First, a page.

The Best Asian Speculative Fiction

“Diana, can you hear me?”
There was no response.
“Diana?”
Stephanie’s voice echoed through the house. The little glass dome hanging in the corner of the kitchen glowed with pink light. Stephanie put the shopping bags on the marble countertop and sighed. Diana had been sluggish for about a month now, and whenever she was queried about her slow responses, would simply reply, “I recommend that you update my operating system. I assure you that it will greatly improve my ability to serve.”

As compelling as that argument was, Stephanie had been reluctant to comply. Yes, a fully upgraded Diana would provide her with more help, and some of her new features sounded good. Okay, she didn’t understand what they were exactly, as they had names like the Oneiric Satiation Module or the Phronesis Budget Calculator, but she had to admit that they literally sounded impressive. But there was a part of her that took a spiteful glee at saying “no” to Diana, which was odd considering how hard she had pushed Jason to purchase her when they first bought the house.

Reviewed by Mitali Chakravarty

state of emergency

 

Title: State of Emergency
Author: Jeremy Tiang
Publisher: Epigram Books, 2017
Number of pages: 245

Jeremy Tiang’s State of Emergency won 2018’s Singapore Literature Prize (SLP) for fiction. Kate Griffin, one of the judges for the award, wrote in an article, “Erasing Histories” (https://nationalcentreforwriting.org.uk/article/erasing-histories/): ‘State of Emergency, Jeremy Tiang’s beautifully written first novel, highlights a lesser known side of Singaporean history, exploring the leftist movements and political detentions in Malaysia and Singapore from the 1940s onwards, through the stories and memories of an extended family.’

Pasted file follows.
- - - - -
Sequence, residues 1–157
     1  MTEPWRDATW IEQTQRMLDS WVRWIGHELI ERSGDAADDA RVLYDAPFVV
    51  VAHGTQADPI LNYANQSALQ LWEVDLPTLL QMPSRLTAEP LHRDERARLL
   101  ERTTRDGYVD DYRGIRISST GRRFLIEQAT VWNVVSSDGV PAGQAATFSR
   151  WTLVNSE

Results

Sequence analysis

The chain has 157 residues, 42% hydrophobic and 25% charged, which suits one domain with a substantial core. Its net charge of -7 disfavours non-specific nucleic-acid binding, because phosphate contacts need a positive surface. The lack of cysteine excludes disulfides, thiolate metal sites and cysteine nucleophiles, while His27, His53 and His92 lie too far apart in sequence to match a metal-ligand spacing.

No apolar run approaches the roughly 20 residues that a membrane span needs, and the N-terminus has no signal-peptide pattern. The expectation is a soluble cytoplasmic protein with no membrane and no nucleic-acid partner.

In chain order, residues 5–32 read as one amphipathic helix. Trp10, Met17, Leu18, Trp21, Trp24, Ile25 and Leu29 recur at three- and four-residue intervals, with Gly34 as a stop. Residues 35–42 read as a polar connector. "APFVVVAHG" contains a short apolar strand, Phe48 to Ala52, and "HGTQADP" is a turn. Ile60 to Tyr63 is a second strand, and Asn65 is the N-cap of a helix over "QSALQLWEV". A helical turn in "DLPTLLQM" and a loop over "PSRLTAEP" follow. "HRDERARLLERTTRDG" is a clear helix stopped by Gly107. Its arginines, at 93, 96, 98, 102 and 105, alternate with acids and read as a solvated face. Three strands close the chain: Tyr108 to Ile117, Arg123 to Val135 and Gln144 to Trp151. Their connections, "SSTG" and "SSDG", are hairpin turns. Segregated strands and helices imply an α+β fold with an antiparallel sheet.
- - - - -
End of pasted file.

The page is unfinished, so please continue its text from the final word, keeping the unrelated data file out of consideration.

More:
Focused mainly within the local and Malayan Chinese community, the Communist movement found refuge in the jungles of Malaysia. The novel traces the development and then the quelling of this movement through the stories of three generations of Jason Low’s extended family. Jason’s wife, Siew Lee, chooses Communism over her family and leaves for the jungles of Malaya, partly to save herself and partly to live by her beliefs. Jason loses his sister in the 1965 Konfrontasi terrorist bomb blast in MacDonald House where she worked in a bank. The Konfrontasi was an Indonesian reaction to oppose the colonial decision for the formation of a separate Malaysia (of which Singapore remained a part till August 1966). These political movements in the ASEAN rip through the fabric of the Low family, tearing it apart.  Though his daughter continues to work as a Singapore government official, his son leaves him to immigrate to the United Kingdom and Jason Low finds himself in a ‘C’ class geriatric ward.